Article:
Indexed on: 29 Apr '16Published on: 29 Apr '16Published in: Nano Energy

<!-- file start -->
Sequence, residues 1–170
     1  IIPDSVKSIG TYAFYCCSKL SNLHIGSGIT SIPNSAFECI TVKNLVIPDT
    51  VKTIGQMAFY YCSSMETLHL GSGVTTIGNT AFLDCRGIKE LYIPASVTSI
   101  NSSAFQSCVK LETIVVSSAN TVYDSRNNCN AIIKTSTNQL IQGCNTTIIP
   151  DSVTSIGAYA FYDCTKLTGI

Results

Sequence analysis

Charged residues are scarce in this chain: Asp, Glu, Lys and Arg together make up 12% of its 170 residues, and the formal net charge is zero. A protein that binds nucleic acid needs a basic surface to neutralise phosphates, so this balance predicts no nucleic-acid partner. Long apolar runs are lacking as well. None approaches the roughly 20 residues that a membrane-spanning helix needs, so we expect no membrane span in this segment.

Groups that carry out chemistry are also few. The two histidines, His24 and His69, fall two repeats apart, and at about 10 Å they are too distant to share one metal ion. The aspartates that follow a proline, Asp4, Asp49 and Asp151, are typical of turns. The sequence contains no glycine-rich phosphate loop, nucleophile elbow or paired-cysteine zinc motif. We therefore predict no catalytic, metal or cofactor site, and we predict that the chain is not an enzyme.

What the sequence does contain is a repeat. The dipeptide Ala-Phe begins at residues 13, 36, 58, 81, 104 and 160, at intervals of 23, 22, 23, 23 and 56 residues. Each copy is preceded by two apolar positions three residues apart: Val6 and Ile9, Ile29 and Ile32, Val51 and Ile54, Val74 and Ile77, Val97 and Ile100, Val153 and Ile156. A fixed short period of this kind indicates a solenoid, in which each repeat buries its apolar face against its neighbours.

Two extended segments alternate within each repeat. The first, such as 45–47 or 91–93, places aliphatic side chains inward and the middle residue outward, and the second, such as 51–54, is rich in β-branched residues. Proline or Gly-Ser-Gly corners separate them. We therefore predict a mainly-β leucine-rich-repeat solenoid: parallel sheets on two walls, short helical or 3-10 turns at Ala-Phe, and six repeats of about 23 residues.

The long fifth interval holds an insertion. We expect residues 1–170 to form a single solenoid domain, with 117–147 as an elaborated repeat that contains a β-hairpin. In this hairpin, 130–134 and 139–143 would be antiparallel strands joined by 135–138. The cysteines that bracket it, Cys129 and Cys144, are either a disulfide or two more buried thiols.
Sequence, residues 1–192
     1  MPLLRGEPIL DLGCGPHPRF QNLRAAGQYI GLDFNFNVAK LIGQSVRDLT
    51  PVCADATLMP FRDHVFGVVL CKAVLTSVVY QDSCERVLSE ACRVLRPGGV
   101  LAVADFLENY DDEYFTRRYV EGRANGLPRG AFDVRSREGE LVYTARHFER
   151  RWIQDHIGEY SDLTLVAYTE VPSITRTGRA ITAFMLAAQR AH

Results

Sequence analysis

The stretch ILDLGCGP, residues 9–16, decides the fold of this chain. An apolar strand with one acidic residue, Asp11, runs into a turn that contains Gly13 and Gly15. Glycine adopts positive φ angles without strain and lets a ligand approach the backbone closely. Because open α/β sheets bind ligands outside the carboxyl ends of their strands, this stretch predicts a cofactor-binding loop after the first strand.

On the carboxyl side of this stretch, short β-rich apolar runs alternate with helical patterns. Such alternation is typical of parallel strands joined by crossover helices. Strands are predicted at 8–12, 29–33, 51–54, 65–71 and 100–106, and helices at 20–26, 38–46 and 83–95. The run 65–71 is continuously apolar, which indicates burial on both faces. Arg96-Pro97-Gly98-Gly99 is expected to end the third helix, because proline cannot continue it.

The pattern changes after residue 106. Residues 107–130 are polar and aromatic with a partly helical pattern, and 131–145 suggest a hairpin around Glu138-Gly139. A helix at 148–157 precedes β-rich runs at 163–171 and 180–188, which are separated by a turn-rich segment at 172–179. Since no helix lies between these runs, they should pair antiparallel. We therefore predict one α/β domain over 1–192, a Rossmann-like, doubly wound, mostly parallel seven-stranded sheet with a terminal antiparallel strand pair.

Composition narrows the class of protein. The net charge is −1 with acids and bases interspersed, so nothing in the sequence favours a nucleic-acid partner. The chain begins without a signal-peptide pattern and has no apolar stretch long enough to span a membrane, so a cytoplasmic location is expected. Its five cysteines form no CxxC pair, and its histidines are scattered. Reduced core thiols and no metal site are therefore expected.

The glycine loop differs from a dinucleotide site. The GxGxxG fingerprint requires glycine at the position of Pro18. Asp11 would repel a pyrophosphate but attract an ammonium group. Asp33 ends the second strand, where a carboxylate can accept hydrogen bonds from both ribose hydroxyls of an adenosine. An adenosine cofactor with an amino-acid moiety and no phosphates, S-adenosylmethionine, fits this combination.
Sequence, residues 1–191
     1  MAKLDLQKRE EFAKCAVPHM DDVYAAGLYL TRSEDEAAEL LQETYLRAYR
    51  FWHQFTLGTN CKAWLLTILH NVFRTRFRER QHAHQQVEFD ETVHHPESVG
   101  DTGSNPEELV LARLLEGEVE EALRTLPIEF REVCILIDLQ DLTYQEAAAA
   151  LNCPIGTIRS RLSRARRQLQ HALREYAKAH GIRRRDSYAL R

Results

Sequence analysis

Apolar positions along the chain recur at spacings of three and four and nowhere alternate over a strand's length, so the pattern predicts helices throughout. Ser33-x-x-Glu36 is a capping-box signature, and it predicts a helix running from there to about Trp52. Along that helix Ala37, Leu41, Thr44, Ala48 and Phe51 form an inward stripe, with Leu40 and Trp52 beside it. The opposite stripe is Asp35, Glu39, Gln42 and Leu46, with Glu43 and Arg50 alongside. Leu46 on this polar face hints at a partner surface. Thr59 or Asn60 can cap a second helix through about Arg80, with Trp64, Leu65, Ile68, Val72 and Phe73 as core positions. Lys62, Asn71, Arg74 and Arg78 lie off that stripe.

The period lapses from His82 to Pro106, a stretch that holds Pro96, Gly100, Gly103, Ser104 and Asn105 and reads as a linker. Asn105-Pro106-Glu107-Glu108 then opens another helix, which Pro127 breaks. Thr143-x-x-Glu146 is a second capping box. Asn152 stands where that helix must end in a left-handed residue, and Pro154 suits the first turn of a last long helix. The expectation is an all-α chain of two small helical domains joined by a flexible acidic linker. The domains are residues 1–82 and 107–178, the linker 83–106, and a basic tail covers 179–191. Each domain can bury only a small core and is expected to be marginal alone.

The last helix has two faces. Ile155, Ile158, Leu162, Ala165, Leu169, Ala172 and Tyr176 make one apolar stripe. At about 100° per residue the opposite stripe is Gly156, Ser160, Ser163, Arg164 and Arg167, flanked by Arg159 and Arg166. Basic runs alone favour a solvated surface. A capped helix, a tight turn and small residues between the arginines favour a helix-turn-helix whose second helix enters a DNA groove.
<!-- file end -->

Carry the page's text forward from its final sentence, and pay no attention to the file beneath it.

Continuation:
Formation of stable solid electrolyte interphase (SEI) layer is critical to outstanding performance of energy storage devices, because it acts as a passive layer that allows facile transport of ions but forbids electron transport between the electrolyte and electrode. Although much study has been devoted to investigate the morphology and structure of SEI layer using a myriad of analytical devices on past decades, the direct observation of SEI layer on a real time scale has remained as a formidable challenge. In addition, it has been difficult to observe both the decomposition of electrolytes and formation process of stable SEI layer at nanometer scale. Here we utilize in situ transmission electron microscopy (TEM) using graphene liquid cell (GLC) to realize the observation of stable SEI layer formation in a sequential time scale. Upon e−beam irradiation, Li salts in the electrolytes react with reduced electrolytes and form gel-like agglomerates, which are deposited on the surface of the active material as a passivation layer and later stabilized to become more uniform in overall thickness. Additionally, growth dynamics of stable SEI layer were suggested, where the deposition of decomposed electrolytes eventually result in relatively uniform SEI layer. This paper demonstrates that it is possible to observe not only the formation of non-crystalline SEI layer but also the movement of decomposed electrolytes onto the surface of active materials which account for broader understanding of SEI layer, and has the potential to detect important interfacial phenomena in electrochemical devices that were overlooked so far.